There’s big money at stake for unions at Delta Air Lines, Inc—over $22 million in annual union dues. As the only (primarily) union-free major airline (Delta’s pilots are unionized), unions have long targeted the Atlanta-based carrier. However, now, with the National Mediation Board members being controlled by unions*, as well as Delta’s recent merger with unionized Northwest Airlines, the unions have declared it open hunting season on Delta. So far, however, the unions have lost eight out of the eight elections they’ve called for—and now are going to rely on the union-controlled NMB to overturn the results so they can hold rerun elections.
Delta Air Lines Inc. TechOps Stores workers on Monday became the eighth worker group at the airline to reject union overtures.
The nearly 700 workers, which handle the airline’s parts, rejected representation by the International Association of Machinists (IAM). There were 607 votes cast — 439 “no” votes, only 166 votes for IAM and two write-in votes, Delta (NYSE: DAL) reported. There were 673 eligible voters.
“This is the eighth work group in which representation was resolved since Delta’s merger, resulting in no union for the more than 41,000 employees in these groups,” said Mike Campbell, executive vice president of HR and Labor Relations, in a statement. “We urge the IAM and AFA to respect our people’s choice and the will of the majority. Delta people have patiently waited two years to have their pay, benefits, work rules, and seniority aligned. It’s time to move forward.”
Unfortunately for the Delta workers who voted not to become unionized, the unions don’t appear to be respecting the will of the majority.
With two out of the three members of the National Mediation Board being former union officials (*see below), union bosses are banking on being able to overturn the election results and get new elections ordered.
The International Association of Machinists (IAM) has already charged that Delta interfered with the TechOps Stores elections last week, and is also “investigating” an election involving 13,000 Delta Fleet Service workers, the large majority of whom also rejected the IAM two weeks ago.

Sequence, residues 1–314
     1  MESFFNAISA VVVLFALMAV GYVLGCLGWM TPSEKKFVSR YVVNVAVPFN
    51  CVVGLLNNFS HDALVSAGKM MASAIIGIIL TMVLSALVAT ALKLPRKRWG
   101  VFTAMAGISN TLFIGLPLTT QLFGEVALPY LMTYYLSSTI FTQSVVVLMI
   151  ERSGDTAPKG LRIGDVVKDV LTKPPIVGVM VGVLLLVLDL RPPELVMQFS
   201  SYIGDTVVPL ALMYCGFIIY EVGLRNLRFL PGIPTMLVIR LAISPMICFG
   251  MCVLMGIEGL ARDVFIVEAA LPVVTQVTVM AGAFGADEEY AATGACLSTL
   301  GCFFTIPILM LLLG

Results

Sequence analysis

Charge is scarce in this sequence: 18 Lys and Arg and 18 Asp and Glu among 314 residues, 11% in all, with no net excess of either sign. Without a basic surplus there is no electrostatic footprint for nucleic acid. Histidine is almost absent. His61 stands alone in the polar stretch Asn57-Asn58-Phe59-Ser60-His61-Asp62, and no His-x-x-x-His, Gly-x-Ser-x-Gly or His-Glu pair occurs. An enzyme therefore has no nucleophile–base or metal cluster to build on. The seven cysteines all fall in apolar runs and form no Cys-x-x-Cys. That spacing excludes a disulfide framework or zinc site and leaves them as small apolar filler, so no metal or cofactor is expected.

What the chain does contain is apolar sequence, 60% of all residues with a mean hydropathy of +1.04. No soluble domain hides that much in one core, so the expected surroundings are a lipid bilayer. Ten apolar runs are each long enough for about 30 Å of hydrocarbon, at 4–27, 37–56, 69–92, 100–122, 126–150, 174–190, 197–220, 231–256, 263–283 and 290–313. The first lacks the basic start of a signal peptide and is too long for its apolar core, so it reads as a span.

In addition, after 53% of Delta’s flight attendants voted against representation by the Association of Flight Attendants (or AFA-CWA)—for the third time in less than ten years—the AFA-CWA has also filed charges with the NMB with the expectation that their union friends at the agency will give them a new election.
What is also at stake is the freedom to choose whether or not to pay union dues—especially for those Delta employees who live in Right to Work states. Under the Railway Labor Act, there are no “right to work” provisions in the airline industry. This means that if the unions succeed at unionizing Delta, all 41,000 workers could be required to pay union dues, or be fired from their jobs. At $45 per month, the unions stand to rake in $1,845,000 each and every month (not to mention initiation fees for new hires), or more than $22 million each year.
Moreoever, once they become unionized, unlike the National Labor Relations Act, there are no provisions in the Railway Labor Act to decertify unions—so the unions’ ability to keep Delta’s employees as cash cows will likely be permanent.
Unless and until Delta workers resoundingly reject the union attacks, they’d better get used to the idea of these born sore losers continuing to target them.
* The National Mediation Board (which governs labor relations in the airline and railroad industries) is an independent agency comprised of three members. Two of these members are former union officials:Linda Puchala is the former president of the Association of Flight Attendants, as well as a former staff director for AFSCME. Harry Hoglander is a former Executive Vice President of the Air Line Pilots Association.
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